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Posted on 07 May 2013 by

A Mother’s Day Gift the Keeps on Giving – Making Blooming Bracelets

Photo Credit: Custom Pretty Cool Color Washi Tape by Cute Tape used under CC BY-NC-ND 2.0

Photo Credit: Custom Pretty Cool Color Washi Tape by Cute Tape used under CC BY-NC-ND 2.0

By Mindy McIntosh-Shetter

When my children were young, we used to walk to preschool.

As we walked, we would review the letter of the week, colors and simple math.

On the way home, we would discuss what they learned in school and stop for snack at our local pizza parlor.

But when spring came, our routine changed. We still continued to review what was learned in school but we also started observing nature.

As luck would have it, my daughter was a flower collector. She could never pass up a patch of flowers and in doing so I was always caring home fists full of poesies. While the dandelions, clover, wild carrot and violets were beautiful, I always was looking for a different way of holding my daughter’s collection.

Then one day it came to me. Why not create wearable flower art that she could take with her to class. So Read the rest of this entry »

Posted on 23 April 2010 by

Gardening With Kids

biggest-tomatoBy Mindy McIntosh-Shetter

My children always add their own “garden.”

When they were very young they always planted in beautiful containers they decorated and took great pride in choosing the flowers and herbs that would showcase their creation.

Then when they got older they always had a little plot of land of their own and when I mean little keep in mind that I “farm” on 1/5 of an acre.

The “farming gene” was one that I wanted to nurture and sought to make sure my children knew where their food came from and how much work it took just to get that cherry tomato or that apple that was in their lunch. When I became an Agriculture Education teacher I realize even more how knowing where our food comes from, how its grown, and the work involved in its production is a lost life skill.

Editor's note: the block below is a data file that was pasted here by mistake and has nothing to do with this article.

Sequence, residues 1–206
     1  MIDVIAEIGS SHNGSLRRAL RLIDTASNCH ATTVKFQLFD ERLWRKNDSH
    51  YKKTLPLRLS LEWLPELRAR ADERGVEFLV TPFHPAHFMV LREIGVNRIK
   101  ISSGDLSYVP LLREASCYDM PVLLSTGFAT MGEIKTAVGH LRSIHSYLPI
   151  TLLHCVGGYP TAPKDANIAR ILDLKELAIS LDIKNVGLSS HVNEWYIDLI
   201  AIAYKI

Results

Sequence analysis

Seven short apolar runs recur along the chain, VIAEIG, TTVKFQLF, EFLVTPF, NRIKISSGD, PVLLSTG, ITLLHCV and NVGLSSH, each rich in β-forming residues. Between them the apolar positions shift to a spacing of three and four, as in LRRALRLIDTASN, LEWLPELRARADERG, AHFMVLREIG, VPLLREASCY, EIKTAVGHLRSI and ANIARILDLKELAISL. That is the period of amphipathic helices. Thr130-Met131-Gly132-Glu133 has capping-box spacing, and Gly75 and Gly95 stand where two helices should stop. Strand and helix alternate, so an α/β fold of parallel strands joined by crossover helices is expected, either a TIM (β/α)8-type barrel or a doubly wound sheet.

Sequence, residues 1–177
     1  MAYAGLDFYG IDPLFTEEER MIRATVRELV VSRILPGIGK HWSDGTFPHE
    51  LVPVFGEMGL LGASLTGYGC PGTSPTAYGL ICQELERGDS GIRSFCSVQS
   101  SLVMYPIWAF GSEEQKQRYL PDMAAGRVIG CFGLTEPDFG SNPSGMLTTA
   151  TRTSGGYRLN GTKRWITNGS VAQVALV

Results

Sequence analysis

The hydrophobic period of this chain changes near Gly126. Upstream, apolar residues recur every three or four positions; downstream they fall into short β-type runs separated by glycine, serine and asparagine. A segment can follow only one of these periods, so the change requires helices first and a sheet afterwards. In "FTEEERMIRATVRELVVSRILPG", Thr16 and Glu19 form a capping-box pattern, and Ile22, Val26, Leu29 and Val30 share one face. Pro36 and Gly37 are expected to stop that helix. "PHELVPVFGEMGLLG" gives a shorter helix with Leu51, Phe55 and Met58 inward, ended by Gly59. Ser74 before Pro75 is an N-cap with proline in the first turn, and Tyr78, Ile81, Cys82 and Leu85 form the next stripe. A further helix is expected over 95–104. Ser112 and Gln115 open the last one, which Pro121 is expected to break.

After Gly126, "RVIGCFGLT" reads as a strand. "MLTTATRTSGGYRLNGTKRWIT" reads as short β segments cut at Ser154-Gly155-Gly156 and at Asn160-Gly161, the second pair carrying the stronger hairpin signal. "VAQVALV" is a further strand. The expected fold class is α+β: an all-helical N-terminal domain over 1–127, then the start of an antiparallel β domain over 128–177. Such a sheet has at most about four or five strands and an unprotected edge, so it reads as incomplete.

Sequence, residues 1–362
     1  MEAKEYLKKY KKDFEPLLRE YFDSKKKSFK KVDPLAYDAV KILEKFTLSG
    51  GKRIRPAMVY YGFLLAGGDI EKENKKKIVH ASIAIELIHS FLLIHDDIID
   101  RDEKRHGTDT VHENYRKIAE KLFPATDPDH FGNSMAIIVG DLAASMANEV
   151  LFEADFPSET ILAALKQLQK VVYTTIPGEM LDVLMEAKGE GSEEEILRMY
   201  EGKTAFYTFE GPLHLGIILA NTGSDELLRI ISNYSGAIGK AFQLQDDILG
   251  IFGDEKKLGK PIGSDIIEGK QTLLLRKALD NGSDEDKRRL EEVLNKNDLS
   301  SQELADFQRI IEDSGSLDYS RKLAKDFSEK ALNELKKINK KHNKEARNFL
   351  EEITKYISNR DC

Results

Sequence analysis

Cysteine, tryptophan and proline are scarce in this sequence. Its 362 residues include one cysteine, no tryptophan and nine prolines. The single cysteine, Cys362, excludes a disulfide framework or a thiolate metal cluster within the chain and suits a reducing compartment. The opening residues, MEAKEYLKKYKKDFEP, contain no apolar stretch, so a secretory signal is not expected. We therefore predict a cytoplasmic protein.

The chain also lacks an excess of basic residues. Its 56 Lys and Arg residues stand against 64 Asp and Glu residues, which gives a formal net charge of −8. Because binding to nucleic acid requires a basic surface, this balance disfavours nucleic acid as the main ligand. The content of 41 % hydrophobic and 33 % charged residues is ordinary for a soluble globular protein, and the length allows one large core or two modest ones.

As society moves outward Read the rest of this entry »

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Posted on 23 February 2009 by

Indoor Gardening Projects for Kids

soda-bottleBy Vanessa Richins

When I was a tiny child, I remember proudly bringing home a paper cup full of dirt and bean seeds.

I would watch anxiously for the first peep of the stem pushing through the soil.

Years later, I still enjoy watching new plants grow.

Gardening can teach children so many skills. They learn about science, patience, math and more. You don’t have to wait until summer, either. There are many gardening projects that can be started indoors year-round – especially inviting in the bleak winter months.

– Pop Bottle Terrarium

My friend Chris McLaughlin is a Master Gardener and 4H instructor. She has made soda pop bottle terrariums with Read the rest of this entry »

Posted on 12 December 2008 by

Edible Playgrounds

By Cindy Naas

Those of us involved in the urban farming movement already know the benefits of growing our own.

The next step is to make sure we pass this on to the next generation.

Dorset Cereals, a UK-based company, has stepped forward with a winning idea to address this issue.

Dorset Cereals produce various organic cereals filled with good things. Their concern for children now extends to the Edible Playground Project.

An edible playground is a place for schoolchildren to grow all manner of fruits and vegetables. In the Edible Playground website are tips not only for getting started with creating a child’s veggie garden, but also Read the rest of this entry »

Posted on 02 June 2008 by

Gardening With Children

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By Cindy Naas

Part of the motivation for putting in a vegetable garden in my city garden was to show my children how their food grows.

I wanted to pass down the my father’s love of gardening to my sons, and so I have always made sure that each child gets to grow something every summer.

It’s amazing, too, how quickly a child who hates veggies will gobble down a plate of green beans if he grows them himself. Growing veggies can be good for your child for so many reasons.

Here are a few good choices for teaching beginning gardeners how to grow things they can enjoy:

1. Radishes- these germinate Read the rest of this entry »

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